(…plus or minus a few days..)
8/15/08 “Anchorage Man Gets 30 Years in Sex Trafficking, Drugs Case” (The Daily News-Miner)
[tagged for: court cases, prostitution]
8/16/08 “Wichita Film Debuts About Human Trafficking” (KSN News.com)
[tagged for: films, prostitution, sexual exploitation, public awareness]
8/17/08 “Measure would protect pimps, not prostitutes” (San Francisco Chronicle)
[tagged for: legalizing prostitution, sexual exploitation, child prostitution, children]
Filed under: News Stories | Tagged: child prostitution, children, collaboration, court cases, faith, films, law enforcement, legalizing prostitution, North Carolina, prostitution, public awareness, sex slavery, sexual exploitation, TIP legislation | Leave a Comment »
“Suspects in Human Trafficking Case Indicted by Feds” (San Marcos Daily Record)
A federal grand jury in Austin has indicted six people arrested in San Marcos last month on charges relating to human trafficking. (Read more…)
“Abolitionists Take On Slavery – Online” (The Christian Science Monitor)
Through Changemakers.net, many have joined in a global competition to identify the most innovative antislavery programs and extend their impact. (Read more…)
“Police: Prostitution Ring Employed Children, 50 Women” (ABC 7 News, Denver)
After a two-year-investigation, Denver police said they have busted a major prostitution ring that employed 50 female prostitutes, including children. (Read more…)
History teachers tell students that slavery ended in the U.S. in 1865, but sources tell WTOP that a “hidden epidemic” of child sex-slavery persists in this area and nationwide. (Read more…)
ASHEVILLE – Emily Fitchpatrick hopes her personal journey will help her draw frightened victims away from their own troubles.
Having recovered from alcohol and drug addiction nine years ago, Fitchpatrick said she believes God can help her rescue women who have fallen prey to sex trafficking.
The crimes have gotten national attention, Fitchpatrick said, but little notice locally. Asheville police twice found evidence of young girls forced into prostitution in 2007 but were unable to make arrests, according to police.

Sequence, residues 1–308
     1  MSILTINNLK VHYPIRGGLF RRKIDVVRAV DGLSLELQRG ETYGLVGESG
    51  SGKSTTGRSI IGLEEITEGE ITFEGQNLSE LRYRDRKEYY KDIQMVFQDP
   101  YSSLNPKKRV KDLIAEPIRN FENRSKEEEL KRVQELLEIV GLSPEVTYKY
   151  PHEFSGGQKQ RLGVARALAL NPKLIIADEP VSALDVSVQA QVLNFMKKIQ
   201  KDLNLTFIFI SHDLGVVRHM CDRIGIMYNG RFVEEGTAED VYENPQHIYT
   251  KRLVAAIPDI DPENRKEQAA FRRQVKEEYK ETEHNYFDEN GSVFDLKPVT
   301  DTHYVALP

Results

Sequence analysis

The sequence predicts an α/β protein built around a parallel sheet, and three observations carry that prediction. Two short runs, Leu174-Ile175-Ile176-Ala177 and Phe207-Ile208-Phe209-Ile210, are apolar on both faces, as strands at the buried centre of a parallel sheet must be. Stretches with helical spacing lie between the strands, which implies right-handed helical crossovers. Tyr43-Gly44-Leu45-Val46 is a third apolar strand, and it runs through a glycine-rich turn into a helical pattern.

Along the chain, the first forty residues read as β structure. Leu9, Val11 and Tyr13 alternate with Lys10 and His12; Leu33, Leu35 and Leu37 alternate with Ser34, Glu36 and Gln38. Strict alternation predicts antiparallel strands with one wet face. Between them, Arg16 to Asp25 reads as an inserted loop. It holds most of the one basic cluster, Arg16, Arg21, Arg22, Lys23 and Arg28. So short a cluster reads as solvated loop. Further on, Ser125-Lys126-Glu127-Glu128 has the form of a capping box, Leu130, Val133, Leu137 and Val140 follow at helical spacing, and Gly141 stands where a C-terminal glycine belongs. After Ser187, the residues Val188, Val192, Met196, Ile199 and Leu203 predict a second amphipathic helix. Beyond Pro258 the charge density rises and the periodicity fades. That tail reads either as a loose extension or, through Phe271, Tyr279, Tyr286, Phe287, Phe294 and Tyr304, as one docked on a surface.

“People think this (sex trafficking) happens in other countries, and they don’t want to see that it happens here,” said Fitchpatrick, 30, the director of the Hope House project, a planned home that would provide long-term care for victims.
**There is a benefit concert for the Hope House Project in the Asheville area tomorrow (Sunday) afternoon – check out our events page for more info.
Last week, the Federal Bureau of Investigation announced 345 arrests in a nationwide crackdown on prostitution rings that preyed on children as young as 12. The operation targeted 16 areas, including Atlanta, Boston and Washington as well as Montgomery County, where prosecutors had earlier won convictions against traffickers for forcing immigrant women and girls into prostitution.
According to the International Labor Organization (ILO), profits from sex trafficking exceed $217 billion a year, or about $23,000 per victim. Organized crime is making a killing. A recent United Nations report ranked human trafficking third as a profit-making illegal industry behind arms dealing and drugs. No country, including our own, is exempt.
MANY Daily News readers were no doubt shocked recently to learn that human trafficking and sexual slavery may be occurring right here in the Delaware Valley.
In the Berwyn case that the paper put on Page 1, the system apparently worked. The victims are in the process of obtaining the status allowing their continued presence in the U.S., and the traffickers are being prosecuted.
But what if those two courageous women had instead succumbed to the threats, violence and pressure of their handlers?
Child prostitution, a large and growing problem across the United States, is especially severe in tourist and convention cities. Atlanta, for example, has been identified by the Federal Bureau of Investigation as one of 14 American cities with the highest rates of child prostitution. Georgia’s lawmakers, religious groups and juvenile justice advocates are taking this issue very seriously, but they may miss an important opportunity unless they focus on programs that have a lasting impact on the lives of Georgia’s most vulnerable children.